Yet many Israelis—on the left and right—want government accountability. Crowds of demonstrators have taken to the streets of Israel’s major cities in recent days to demand that the government set a date for new elections now. Others want to head to the ballot box as soon as the conflict comes to an end. In a December survey by the Israeli Democracy Institute (IDI), an independent research center, 69 percent of respondents—including a majority of right-wing voters—called for new elections immediately after the war. 

“I always chose Netanyahu and I am from the right side of the political spectrum, but it will be hard for me to choose him again. I want a change,” Mordechai Sasson, the owner of a produce shop in Jerusalem’s Mahane Yehuda market, said in an interview. “Everybody should go home, not only Netanyahu.”

The relative quiet of Mahane Yehuda, the holy city’s largest shuk, underscores the financial pain the tense security situation is inflicting on many Israelis. Where hundreds of shoppers typically brave crowds to buy meat, spices, fresh bread, and local produce, vendors outnumbered customers on the weekday morning of my visit. 

“There’s a difference here after October 7—it’s felt,” Aviel Pinhasi, a butcher in the market, told The Dispatch. “The army and the government are responsible for what happened.”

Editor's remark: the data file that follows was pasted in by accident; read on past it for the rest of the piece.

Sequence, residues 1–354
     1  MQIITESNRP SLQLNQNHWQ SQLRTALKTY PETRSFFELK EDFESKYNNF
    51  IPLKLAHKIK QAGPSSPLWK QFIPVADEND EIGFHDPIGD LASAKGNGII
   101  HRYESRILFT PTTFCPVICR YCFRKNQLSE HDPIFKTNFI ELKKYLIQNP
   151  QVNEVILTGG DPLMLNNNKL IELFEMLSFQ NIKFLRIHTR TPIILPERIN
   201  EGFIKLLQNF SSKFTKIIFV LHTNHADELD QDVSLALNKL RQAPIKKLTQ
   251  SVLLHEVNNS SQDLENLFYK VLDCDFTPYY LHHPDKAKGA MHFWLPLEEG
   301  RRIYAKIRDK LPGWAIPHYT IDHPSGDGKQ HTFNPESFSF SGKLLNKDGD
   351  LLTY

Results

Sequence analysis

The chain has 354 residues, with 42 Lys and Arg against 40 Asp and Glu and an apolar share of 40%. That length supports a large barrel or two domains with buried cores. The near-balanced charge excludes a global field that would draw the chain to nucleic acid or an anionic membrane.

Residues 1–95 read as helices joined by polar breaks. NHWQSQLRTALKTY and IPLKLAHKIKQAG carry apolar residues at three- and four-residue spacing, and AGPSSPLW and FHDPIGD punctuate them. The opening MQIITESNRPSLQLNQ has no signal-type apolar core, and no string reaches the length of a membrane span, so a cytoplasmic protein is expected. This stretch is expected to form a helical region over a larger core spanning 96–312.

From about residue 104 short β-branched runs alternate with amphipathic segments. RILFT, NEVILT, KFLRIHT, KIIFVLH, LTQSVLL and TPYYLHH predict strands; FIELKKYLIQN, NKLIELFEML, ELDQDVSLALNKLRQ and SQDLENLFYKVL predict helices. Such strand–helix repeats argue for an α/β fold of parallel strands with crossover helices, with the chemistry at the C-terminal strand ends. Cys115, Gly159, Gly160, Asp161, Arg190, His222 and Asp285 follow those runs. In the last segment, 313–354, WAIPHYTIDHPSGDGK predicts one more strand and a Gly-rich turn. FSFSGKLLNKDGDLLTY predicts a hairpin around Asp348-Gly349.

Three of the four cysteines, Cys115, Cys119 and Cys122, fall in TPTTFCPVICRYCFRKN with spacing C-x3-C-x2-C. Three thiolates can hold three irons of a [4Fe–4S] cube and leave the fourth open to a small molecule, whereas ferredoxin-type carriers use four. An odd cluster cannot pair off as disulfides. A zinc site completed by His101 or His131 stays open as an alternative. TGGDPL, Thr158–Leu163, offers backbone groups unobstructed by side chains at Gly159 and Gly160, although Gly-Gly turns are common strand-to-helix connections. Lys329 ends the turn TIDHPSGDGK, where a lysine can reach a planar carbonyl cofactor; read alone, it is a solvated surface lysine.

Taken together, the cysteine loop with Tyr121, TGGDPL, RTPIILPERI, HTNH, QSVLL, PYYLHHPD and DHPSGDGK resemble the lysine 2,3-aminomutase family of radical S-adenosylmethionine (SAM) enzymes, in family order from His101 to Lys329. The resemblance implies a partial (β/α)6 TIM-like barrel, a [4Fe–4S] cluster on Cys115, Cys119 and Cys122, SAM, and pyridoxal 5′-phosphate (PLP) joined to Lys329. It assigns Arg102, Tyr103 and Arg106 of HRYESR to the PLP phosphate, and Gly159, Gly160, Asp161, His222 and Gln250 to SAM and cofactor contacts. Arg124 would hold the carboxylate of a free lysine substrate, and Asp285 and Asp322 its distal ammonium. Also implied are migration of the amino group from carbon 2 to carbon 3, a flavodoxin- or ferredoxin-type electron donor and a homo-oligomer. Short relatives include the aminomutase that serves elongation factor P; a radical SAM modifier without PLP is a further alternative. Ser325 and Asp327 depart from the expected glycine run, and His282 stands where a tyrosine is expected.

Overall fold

Shlomo Nissan, a produce vendor and longtime Likud supporter, also said the government is at fault, adding that he has no plans to back Bibi’s party again in the next Israeli elections. “The army and the security forces do everything they can to prevent attacks, but it’s not always 100 percent and the situation is very delicate. It’s very complicated for me as a business owner. You can see it’s Wednesday morning and usually packed with people, but it’s not the case right now,” he said. “It’s a mess. The government needs to take responsibility. They are supposed to take care of their people and the security of their people and they failed.”

The economic strain is felt across Jerusalem, including at the First Station, a retired railway hub now lined with bars and restaurants. “Day or night, there’s still way fewer people here,” Salman Mohammad, an Arab-Israeli coffee stand worker, said in an interview. “People are scared to go out of their house.” Mohammad’s employers have had to dismiss several staff members, while other businesses in the station have closed permanently.